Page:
When the gospel Mk 3:7-12 says that a large number of people followed Jesus as he withdrew to the sea, that is a historical fact. History tells that Jesus did attract a large number of followers, and in that time and place drawing that much attention was dangerous. That danger is the reason why Jesus did not want it known he was “the Son of God.” Also this particular reading comes right after Jesus encounters with the Pharisees on the Sabbath and at the synagogue. The crowds he did not leave behind, he did leave behind much of that Pharisee culture and tradition. Forging a new covenant does require a break from the traditions of the past. Attention also might be directed towards the regions his followers are coming from. Judea is Jewish. Galilee is a mixture of Jew and Hellenic Gentiles,Tyre was never part of Jewish tradition and they had a prosperous couture of their own.His audience extends beyond Jerusalem and the members of the old covenant.This new audience brings both their own illnesses, and I have to think their own virtues. Why is that important? I think the varied cultures and people Jesus speaks too emphasizes that his message is not directed at Jerusalem, but it is directed at mankind. His message is both challenged by all people, and is relevant to all. The first reading Heb 7:25—8:6 opens with “Jesus is always able to save those who approach God through him,since he lives forever to make intercession for them.” It says he offers salvation to those who approach Him. He does not only save those of a particular denomination, or social status, or those deemed worthy of salvation. Jesus’s message is for all mankind.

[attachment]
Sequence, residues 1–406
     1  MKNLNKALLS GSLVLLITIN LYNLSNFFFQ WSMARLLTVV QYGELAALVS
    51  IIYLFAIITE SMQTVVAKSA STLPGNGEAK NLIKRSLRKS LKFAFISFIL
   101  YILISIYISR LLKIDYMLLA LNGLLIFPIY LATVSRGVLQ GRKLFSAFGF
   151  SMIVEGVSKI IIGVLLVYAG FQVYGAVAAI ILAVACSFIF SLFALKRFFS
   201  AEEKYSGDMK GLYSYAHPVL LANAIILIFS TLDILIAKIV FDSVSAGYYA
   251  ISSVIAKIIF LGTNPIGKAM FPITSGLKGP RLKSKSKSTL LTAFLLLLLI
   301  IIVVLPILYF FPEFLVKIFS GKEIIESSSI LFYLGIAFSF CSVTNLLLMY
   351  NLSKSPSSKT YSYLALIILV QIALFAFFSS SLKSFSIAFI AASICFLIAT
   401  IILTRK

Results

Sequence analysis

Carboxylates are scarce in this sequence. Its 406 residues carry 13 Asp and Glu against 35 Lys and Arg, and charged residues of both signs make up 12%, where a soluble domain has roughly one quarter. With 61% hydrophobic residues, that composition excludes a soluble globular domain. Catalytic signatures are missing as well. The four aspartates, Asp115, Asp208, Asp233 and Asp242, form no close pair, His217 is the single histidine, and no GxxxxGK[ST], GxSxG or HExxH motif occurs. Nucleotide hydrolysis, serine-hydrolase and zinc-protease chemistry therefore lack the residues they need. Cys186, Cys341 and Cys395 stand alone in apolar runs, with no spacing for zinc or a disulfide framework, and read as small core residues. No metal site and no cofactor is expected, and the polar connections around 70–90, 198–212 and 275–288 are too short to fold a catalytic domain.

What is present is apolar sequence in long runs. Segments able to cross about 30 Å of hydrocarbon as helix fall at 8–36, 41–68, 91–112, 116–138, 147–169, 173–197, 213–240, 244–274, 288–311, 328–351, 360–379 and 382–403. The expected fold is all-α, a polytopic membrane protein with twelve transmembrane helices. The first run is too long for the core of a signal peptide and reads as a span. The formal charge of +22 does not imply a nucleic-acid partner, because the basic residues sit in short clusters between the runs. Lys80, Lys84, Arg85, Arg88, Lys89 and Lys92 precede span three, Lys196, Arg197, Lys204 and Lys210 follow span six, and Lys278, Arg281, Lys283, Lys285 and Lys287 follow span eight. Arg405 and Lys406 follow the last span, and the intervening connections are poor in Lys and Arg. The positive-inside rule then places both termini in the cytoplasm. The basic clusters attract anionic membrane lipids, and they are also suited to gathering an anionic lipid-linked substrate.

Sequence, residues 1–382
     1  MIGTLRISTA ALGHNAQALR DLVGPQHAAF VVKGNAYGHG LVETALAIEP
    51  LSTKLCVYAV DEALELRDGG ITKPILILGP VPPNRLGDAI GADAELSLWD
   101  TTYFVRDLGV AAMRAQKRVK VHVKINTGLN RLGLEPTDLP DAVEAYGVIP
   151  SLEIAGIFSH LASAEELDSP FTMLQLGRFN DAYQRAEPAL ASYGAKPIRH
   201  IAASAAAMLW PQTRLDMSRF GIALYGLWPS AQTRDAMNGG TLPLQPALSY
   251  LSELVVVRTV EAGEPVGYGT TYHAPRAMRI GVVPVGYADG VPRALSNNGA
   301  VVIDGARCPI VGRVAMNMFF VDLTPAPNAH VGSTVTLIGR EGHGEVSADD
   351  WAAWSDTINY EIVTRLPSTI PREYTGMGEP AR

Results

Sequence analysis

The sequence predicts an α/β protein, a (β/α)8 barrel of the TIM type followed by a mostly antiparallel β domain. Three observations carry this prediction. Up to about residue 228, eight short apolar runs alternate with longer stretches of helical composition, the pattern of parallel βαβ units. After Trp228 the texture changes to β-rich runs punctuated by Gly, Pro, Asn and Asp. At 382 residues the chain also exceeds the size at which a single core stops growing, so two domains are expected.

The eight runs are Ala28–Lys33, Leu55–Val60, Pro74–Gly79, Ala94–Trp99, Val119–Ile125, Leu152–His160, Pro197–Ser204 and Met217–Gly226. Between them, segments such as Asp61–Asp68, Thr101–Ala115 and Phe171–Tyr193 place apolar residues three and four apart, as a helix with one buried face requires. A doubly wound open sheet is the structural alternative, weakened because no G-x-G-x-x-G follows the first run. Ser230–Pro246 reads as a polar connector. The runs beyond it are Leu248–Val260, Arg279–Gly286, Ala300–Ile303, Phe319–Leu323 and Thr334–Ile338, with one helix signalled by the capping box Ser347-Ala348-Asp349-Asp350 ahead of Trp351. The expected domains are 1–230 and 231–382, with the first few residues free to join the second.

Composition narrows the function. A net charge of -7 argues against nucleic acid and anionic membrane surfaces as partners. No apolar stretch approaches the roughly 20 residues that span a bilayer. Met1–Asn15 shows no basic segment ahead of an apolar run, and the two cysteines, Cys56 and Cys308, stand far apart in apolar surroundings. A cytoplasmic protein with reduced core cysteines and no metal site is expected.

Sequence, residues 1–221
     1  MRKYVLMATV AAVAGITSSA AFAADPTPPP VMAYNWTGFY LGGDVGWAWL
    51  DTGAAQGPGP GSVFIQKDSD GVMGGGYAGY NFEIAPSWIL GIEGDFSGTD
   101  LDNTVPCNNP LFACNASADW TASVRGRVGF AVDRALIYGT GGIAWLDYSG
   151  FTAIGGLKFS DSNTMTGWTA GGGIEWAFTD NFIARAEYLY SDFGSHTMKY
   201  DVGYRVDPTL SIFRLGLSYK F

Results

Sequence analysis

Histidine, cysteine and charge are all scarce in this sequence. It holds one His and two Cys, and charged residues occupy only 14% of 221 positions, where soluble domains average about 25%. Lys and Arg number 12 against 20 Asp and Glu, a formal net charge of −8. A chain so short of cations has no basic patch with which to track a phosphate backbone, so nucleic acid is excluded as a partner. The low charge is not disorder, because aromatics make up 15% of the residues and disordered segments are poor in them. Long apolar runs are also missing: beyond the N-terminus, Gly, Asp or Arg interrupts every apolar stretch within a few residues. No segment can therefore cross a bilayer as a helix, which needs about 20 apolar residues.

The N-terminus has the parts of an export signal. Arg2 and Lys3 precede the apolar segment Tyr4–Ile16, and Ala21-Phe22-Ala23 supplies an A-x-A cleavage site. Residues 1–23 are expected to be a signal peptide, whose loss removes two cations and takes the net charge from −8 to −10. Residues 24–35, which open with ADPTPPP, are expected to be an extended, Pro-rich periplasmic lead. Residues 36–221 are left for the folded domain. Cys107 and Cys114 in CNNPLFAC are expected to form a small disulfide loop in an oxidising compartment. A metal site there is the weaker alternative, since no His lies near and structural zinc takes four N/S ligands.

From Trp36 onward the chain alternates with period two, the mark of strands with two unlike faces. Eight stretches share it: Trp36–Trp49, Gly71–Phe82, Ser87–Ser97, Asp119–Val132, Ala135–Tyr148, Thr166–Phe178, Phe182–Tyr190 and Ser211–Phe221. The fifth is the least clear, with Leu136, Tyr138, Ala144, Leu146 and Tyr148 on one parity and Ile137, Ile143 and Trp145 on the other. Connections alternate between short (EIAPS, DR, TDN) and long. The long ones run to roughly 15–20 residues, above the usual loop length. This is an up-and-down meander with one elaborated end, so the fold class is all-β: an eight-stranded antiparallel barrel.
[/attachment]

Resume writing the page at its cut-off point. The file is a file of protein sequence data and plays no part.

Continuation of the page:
Gospel MK 3:1-6
Jesus entered the synagogue.
There was a man there who had a withered hand.
I read this particular passage of the Gospel describing another in a series of Jesus healing’s, I wonder what set this healing apart from the others, what makes it unique? Certainly this is not just about a medical cure.In the scene described there is a confrontation between Jesus and those Pharisees who have him under scrutiny. The situation seems to be one of tension, with the Pharisees ready to confront Jesus about another transgression of the law.It is in this tense confrontation that Jesus grieves at the hardness of their heart and tells his patient to “stretch out you hand.” In reading this, I wonder; could it be that the source of this mans affliction is the circumstances he is surrounded by? Could the withered hand be a result of the anger that surrounds him?Might the withered hand be a fist that is clenched in that anger? In pondering the Pharisees approach to Mosaic law;part was part of their enforcement of law governed by their emotions towards the collapse of their kingdom, was their enforcement of their law and culture a response to their perception of a failed state(an occupied state)? Was the clenched fist symbolic of a loss in faith, or perhaps disobedience? Was it an angry attempt to reinforce a kingdom of man in defiance of the kingdom of God? Might that anger be the hardness of heart that Jesus grieved over? If that is so, might the cure have been a removal of that anger and a relaxing of their fists? The man stretched out his hand and was cured, sadly the Pharisees could not let go of their anger. Their fists were still clenched.